A little sparrow fell to the ground, and yesterday thirteen people clustered in an empty church to remember him. Kenneth (names have been changed) struggled through six months of life on this earth, in spite of several holes in his tiny heart. He conquered meningitis and a lung infection, but never gained the weight necessary for corrective heart surgery. His weight at death was less than eight pounds.
Kenneth’s mother, Iris, is one of a handful of whites living in a township of 30,000 people. Although raised in a middle-class South African home, Iris and her husband Douglas landed in Masi through a series of misfortunes and poor choices. They had their share of relational troubles, and barely managed to keep their rented one-room shack through Douglas’s occasional work and their landlord’s good graces. Add to that a child with life-threatening problems, and you’d think Iris would be a nervous wreck.
But she was amazing. Call it coping skills, call it denial, call it grace given to a mother who desperately loves her fragile child—but Iris was calm and mellow, exceedingly tender with Kenneth but not anxious. My social worker-friend took me along to visit them in the pediatric hospital, where tiny Kenneth lay still like an island in the great sea of his crib, breathing through oxygen tubes. We would say things like, “Yeah, that Kenneth is a fighter,” and Iris would barely murmur assent, then just calmly smile and stroke his little misshapen head.
The doctors sent him home, saying there was nothing to do until he gained weight. Iris continued to breastfeed, tried formula, and the weeks went by. Douglas told me later that, toward the end, they would often have to give mouth-to-mouth resuscitation in the morning “to get him going”. And one day that was just not enough.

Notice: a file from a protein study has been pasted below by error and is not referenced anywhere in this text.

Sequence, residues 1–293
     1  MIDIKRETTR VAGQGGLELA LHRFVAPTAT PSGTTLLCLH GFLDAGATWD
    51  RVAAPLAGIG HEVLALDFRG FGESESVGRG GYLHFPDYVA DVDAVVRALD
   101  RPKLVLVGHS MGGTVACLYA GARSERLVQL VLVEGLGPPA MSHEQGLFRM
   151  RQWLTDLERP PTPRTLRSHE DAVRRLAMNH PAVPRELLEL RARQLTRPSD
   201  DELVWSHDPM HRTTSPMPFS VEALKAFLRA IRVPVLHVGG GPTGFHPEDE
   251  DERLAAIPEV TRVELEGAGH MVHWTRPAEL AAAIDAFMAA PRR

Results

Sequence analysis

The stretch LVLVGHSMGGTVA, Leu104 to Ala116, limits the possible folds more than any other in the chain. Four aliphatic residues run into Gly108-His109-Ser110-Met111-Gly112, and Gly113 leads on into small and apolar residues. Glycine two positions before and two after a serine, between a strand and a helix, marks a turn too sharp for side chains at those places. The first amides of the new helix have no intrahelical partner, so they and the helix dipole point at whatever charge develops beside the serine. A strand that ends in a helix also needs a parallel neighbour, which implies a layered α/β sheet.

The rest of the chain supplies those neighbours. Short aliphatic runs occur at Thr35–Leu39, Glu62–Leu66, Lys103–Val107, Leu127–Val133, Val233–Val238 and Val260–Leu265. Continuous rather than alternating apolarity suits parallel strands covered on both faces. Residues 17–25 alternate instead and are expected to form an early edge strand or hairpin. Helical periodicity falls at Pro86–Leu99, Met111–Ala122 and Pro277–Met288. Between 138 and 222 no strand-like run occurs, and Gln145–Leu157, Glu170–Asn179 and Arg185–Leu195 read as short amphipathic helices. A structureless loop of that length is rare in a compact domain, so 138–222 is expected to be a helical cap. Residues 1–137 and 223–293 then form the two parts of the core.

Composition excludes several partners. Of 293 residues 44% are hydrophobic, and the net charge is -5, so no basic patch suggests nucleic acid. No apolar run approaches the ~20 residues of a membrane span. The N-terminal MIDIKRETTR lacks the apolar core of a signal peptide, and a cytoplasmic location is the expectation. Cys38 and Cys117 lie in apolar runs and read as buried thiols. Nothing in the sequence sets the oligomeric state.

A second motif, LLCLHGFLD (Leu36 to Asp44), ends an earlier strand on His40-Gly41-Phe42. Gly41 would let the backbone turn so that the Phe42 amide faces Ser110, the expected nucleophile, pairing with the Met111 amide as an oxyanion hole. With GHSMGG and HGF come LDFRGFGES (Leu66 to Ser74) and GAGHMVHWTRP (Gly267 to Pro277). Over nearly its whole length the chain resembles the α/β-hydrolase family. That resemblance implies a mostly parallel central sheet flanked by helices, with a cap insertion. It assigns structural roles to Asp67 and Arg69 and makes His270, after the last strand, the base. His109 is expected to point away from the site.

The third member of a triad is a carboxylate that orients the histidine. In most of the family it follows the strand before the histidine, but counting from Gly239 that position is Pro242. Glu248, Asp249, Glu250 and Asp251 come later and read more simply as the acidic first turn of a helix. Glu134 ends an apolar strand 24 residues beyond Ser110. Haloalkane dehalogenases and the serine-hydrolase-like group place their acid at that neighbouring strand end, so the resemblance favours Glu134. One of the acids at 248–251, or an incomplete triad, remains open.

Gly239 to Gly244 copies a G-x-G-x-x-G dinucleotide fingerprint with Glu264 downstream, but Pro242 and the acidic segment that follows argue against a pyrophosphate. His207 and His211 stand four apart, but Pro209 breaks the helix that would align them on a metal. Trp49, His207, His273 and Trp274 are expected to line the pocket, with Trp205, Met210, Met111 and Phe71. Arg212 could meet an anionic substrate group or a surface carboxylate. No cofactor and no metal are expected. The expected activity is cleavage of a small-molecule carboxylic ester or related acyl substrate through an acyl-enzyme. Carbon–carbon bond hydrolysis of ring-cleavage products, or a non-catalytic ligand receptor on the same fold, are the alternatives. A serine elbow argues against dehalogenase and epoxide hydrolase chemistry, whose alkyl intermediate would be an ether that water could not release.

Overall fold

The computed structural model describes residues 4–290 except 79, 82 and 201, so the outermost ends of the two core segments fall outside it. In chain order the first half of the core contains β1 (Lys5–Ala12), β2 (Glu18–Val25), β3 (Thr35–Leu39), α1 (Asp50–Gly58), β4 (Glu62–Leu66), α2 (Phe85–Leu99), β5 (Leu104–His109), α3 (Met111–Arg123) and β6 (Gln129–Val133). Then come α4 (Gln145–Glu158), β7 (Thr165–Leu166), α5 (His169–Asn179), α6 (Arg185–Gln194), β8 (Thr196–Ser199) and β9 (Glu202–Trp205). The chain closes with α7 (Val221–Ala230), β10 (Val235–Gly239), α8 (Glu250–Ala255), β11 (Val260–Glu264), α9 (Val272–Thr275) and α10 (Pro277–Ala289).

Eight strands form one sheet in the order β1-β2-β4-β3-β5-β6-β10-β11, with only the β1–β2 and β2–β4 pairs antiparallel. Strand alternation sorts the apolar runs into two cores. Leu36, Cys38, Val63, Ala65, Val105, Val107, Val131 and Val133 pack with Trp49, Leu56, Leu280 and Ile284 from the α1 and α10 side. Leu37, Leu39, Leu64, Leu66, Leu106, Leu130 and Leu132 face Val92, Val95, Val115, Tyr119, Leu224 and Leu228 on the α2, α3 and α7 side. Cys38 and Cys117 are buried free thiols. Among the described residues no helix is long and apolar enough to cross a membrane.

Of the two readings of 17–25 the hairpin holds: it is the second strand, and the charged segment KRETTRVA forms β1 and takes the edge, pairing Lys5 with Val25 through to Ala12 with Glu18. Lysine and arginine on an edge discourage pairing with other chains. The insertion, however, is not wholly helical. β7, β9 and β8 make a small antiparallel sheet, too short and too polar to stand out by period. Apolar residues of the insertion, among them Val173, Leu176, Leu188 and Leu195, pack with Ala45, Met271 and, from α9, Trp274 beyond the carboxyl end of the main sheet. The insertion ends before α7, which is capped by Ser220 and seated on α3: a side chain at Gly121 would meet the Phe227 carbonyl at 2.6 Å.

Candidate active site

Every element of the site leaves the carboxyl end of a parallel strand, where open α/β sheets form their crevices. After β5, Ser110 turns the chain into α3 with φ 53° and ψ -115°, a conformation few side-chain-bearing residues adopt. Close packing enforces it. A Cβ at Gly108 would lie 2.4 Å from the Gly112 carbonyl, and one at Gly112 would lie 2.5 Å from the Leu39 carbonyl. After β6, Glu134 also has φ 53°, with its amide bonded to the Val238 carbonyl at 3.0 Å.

What a sad little scene I came upon in their shack the next day. There was barely room for my friend and I to maneuver between belongings and wedge ourselves onto the bed where Iris lay, the bed in which all three of them had slept. Both parents were distraught and broken. They somehow always thought Kenneth would pull through. Iris told of waking that first night he was gone and feeling for her baby, “but I couldn’t find him.” Her voice trailed off into tears.
I laid with Iris on the bed, hearing the stories, soaking up the smells of poverty (smells that lingered hours later, even after a good scrub), watching cockroaches scuttle up the sides of a teetering shelf. As Douglas painstakingly worked through a pile of baby clothes picking out fleas, he told me of his concern for Iris in her emotional state. We wept together for little Kenneth, who without question is “better off now.” And yet his mother’s heart wonders, “Why couldn’t he have been whole here?”
There are no easy answers, but I thought of Jesus’ words, “God sees even a sparrow falling from the nest. And Kenneth is worth more than many sparrows.” And I thought of a God who “became flesh and blood, and moved into the neighborhood” (John 1:14, The Message). There are such limits to my willingness to be incarnational, to become one with the people of Masi. And yet this is Jesus’ example. While we were yet sinners, with the smells and dysfunction and cockroaches, Christ became one of us.
Douglas and Iris have talked about the possibility of this being a turning-point for them, and they want to meet with us to proceed. May life spring from death! From the most unlikely of places, this is how transformation begins, one heart at a time.